Major Butt & Frank Millet


George Behe

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Dec 11, 1999
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Hi, all!

In 1908 in Washington D.C. Frank Millet painted a portrait of his friend Archie Butt. Does anyone happen to know if this portrait still exists and, if so, where it is presently located?

Major Butt's friend Frank McCoy recorded a few humorous comments regarding the above portrait:

"I'm afraid we made a good deal of fun of this portrait of Archie. But since we allowed it was a good picture of his uniform, his countenance brightened. For he did love his uniform and had frank and unabashed pleasure in it -- the gaudier the uniform the better, the broader and yellower the stripes the better -- quite in contrast to the self-consciousness of the average regular officer of the days before the war, when the uniform was seldom worn away from army posts and made the wearer somewhat conspicuous...."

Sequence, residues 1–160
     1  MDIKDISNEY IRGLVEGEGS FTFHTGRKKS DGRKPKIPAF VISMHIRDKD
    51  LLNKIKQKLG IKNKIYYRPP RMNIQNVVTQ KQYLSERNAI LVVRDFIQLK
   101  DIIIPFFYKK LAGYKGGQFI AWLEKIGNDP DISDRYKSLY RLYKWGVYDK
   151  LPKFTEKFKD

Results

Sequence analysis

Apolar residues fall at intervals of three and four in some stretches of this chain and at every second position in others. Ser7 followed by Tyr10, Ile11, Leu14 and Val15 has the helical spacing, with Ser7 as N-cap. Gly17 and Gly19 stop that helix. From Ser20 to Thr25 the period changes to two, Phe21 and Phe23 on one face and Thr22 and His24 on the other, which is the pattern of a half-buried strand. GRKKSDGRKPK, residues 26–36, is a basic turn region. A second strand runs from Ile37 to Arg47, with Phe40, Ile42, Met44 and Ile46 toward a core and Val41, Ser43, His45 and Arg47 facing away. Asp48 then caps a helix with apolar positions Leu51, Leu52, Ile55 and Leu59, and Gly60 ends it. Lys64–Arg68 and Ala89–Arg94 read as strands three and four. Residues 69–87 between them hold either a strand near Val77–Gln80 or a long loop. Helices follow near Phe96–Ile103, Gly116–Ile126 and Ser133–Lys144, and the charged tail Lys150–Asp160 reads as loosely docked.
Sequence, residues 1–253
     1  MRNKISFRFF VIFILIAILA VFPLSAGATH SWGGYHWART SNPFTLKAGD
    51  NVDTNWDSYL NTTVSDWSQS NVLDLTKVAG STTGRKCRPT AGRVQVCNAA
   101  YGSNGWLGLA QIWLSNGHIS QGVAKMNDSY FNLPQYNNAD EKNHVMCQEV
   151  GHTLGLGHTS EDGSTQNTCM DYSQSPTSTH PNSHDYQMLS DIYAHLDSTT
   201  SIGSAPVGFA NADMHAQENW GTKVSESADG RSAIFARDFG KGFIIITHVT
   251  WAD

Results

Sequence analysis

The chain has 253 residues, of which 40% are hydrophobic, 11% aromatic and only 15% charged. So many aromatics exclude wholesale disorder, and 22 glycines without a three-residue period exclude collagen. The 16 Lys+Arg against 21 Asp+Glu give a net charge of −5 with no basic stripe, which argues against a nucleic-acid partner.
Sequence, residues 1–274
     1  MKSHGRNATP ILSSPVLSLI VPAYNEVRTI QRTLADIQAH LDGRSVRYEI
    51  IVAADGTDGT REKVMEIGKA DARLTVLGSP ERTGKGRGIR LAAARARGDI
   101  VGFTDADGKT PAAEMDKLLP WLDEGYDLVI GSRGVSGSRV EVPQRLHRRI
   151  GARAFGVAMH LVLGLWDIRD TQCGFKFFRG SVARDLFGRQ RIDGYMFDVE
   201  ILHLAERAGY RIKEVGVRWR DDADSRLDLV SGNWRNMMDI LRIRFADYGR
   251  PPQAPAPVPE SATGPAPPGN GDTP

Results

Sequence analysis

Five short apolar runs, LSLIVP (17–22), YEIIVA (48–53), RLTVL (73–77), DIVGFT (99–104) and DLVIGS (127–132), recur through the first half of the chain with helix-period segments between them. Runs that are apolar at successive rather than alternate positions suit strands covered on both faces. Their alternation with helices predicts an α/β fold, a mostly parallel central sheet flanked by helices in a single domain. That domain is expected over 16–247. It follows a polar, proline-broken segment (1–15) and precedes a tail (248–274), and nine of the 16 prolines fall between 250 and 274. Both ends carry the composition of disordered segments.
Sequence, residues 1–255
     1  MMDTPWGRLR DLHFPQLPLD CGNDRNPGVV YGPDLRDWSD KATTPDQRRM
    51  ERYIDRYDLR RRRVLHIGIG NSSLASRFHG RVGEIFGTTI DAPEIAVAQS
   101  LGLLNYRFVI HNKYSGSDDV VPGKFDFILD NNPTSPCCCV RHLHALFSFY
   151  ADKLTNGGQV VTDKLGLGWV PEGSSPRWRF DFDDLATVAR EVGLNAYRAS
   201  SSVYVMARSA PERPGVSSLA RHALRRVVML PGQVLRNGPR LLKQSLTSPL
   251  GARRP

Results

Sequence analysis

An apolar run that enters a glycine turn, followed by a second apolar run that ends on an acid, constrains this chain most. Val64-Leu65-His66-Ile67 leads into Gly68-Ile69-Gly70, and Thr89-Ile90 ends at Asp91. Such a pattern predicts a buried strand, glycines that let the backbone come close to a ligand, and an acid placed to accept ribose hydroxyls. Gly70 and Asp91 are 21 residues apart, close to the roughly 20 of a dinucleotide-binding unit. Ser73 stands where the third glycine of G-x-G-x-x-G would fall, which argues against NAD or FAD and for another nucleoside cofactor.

Any help regarding the present location of the Millet/Butt portrait would be greatly appreciated.

All my best,

George
 
May 12, 2005
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George,

You may want to contact the National Gallery of Art, a subsidiary of the Smithsonian Institution, at the following address:

The National Gallery of Art
6th and Constitution Ave.
NW Washington DC 20565

I do not have a curator's name but you can check their website to find the correct contact at:

http://www.nga.gov/resources/resource.htm

I have made a cursory search of the collection list and found no reference to the Frank Millet portrait of Major Butt, however on a separate archives page, I did find a reference to the following:

_________________________________________________

Smithsonian Institution Archive
National Collection of Fine Arts
Office of the Director
General Correspondence (1892-1975)

Record Unit 311; Series 1
Folder 10 - Correspondence (1924 and 1939) of Cecile de Wentworthy with Director concerning bequeathing of oil portrait of Major Archibald Butt to the NGA.

_________________________________________________